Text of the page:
RakshaBandhan: The Eternal Bond
Vinod Chandrashekhar Dixit
Literally translated, Raksha means protection while bandhan means bond. Raksha Bandhan, therefore, signifies the bond of love out which comes a sense of security and protection. It falls on Purnima or full moon day in the month of Shravan according to the Hindu Calendar.
The festival is most common among the Hindus. However, it is also celebrated by the Sikhs, Jains and other communities. Regional celebrations may be different but Raksha Bandhan has become an integral part of those customs. The festival has been celebrated in the same way with the same traditions for centuries. Only the means have changed with the changing lifestyles.
In Indian tradition, the frangible thread of Rakhi is considered even stronger than an iron chain as it strongly binds a brother and a sister in the relationship of mutual love and trust. There are several historical evidences, which remind us about the significance of this festival and every time, this festival emphasizes the same values which have mingled within our social setup.
Raksha Bandhan is mentioned in our epics as a festival of Gods. It is said that once Indra, the God of Heaven was about to go into battle and was feeling a little apprehensive. When his wife tied a sacred thread to his arm for his protection and assurance all his fears vanished and he was successful in all his endeavors.
The most ancient incident refers to the invasion of Alexander the Great. According to the story Puru was a mighty king and Alexander had to face a great resistance from him. Worried about her husband’s safety, Alexander’s wife sought an audience with King Puru. She requested him to accept her as his sister. Puru obliged her and promised not to harm Alexander. The Rakhi on Puru’s hand is said to be the savior of Alexander.
On Raksha Bandhan, the sister ties a Rakhi, comprising sacred threads, on her brother’s wrist and performs an Aarati .While tying the rakhi, the girls chant….”I am tying a Rakhi on you, like the one on mighty demon king Bali. Be firm, O Rakhi, do not falter.”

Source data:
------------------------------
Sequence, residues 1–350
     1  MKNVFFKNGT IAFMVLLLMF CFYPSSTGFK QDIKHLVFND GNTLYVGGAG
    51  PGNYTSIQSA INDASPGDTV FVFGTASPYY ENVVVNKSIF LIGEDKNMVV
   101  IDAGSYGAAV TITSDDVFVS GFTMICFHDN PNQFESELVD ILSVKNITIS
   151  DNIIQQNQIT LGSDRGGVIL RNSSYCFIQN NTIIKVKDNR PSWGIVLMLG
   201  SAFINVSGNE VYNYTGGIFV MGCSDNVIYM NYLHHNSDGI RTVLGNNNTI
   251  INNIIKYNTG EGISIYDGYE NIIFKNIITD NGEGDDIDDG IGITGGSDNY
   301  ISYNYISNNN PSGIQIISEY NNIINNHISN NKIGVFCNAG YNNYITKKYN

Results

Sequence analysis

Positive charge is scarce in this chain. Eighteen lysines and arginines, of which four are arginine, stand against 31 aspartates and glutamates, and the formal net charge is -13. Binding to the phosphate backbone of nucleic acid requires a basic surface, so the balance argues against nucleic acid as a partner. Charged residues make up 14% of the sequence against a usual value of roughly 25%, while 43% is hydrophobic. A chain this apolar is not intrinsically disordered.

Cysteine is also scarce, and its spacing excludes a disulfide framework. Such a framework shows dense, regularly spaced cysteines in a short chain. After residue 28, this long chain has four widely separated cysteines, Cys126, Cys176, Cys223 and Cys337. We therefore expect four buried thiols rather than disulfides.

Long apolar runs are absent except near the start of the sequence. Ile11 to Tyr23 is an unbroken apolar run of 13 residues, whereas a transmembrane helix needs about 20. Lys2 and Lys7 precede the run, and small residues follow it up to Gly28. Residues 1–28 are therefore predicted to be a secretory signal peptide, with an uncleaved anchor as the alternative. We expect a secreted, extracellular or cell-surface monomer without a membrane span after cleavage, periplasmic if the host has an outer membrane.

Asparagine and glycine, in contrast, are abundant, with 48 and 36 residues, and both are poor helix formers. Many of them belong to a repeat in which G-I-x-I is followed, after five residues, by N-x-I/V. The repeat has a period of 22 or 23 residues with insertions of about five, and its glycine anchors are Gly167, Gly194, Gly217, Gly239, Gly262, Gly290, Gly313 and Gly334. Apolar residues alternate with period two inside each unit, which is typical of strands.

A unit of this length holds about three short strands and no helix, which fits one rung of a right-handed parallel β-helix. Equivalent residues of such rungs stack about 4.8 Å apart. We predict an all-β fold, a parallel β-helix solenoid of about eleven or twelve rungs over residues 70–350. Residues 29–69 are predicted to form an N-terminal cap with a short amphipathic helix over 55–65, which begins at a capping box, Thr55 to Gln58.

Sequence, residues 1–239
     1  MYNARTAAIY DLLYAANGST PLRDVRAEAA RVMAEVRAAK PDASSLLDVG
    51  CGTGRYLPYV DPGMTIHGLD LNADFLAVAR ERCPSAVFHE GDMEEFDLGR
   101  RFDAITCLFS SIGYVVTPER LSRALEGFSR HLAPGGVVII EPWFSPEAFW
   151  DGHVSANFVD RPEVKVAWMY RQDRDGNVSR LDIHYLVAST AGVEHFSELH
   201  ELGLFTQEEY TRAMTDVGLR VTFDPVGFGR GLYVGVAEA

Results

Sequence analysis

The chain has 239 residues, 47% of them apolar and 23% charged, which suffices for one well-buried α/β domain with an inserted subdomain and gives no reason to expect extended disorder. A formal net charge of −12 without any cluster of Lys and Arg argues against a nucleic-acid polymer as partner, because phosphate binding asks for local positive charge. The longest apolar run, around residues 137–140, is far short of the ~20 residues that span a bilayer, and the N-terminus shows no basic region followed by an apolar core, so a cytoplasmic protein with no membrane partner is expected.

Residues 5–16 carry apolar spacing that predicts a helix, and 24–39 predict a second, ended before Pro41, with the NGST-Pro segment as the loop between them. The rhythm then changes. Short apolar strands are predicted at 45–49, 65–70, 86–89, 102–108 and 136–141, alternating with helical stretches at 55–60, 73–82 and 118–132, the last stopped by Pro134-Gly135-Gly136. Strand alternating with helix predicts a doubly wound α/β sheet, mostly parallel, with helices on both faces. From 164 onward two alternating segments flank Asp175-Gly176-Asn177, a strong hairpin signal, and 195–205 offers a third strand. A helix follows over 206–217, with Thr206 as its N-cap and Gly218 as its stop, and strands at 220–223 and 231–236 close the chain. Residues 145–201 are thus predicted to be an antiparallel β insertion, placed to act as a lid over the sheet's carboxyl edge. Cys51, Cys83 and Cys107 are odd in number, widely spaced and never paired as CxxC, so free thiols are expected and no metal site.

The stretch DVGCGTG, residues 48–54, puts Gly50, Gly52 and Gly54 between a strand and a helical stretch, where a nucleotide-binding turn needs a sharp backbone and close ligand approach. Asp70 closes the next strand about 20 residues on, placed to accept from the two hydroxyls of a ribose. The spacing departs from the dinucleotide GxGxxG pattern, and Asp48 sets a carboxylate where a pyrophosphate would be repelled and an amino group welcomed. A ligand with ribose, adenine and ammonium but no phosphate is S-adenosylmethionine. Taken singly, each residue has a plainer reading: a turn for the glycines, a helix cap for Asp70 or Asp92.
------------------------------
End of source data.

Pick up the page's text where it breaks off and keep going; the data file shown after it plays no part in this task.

It is the duty of every brother to protect his sister. The sister prays for the well-being, success, and safety of her brother. The brother promises to safeguard his sister under all circumstances. It helps to build a healthy family relationship. Today, the festival goes much beyond real brothers and sisters to any two individuals who enjoy a deep relationship. So you are likely to see a woman tie a rakhi to her cousins, neighbours and close friends. The love and self actuation towards a novel cause between a brother and his sister is the theme of this great Rakhi festival.
Thus Raksha Bandhan, like all other Indian festivals, is a call to the Divine Self within. So let us pledge, on this day, to commit ourselves to dedicating our actions to our goal of self-betterment, harbouring finer emotions and developing the clarity to see the permanence in and through the transience of the world.
Raksha Bandhan is the day when people perform the grand pooja or the worship of the three eyed God, Lord Shiva.The sacred thread was apparently mentioned in several Hindu legends.
We have to place Raksha Bandhan in this larger context to realise that it is not just a simple function of tying a love band, applying a tilak on your brother’s forehead, offering him sweets and accepting his gifts. The Rakhi is not a band of love; it is a knot of subordination. The finer points of Raksha Bandhan are to bring people together just like the true spirit of all other Indian festivals.
(The author hails from Jodhpur Tekra Ahmedabad)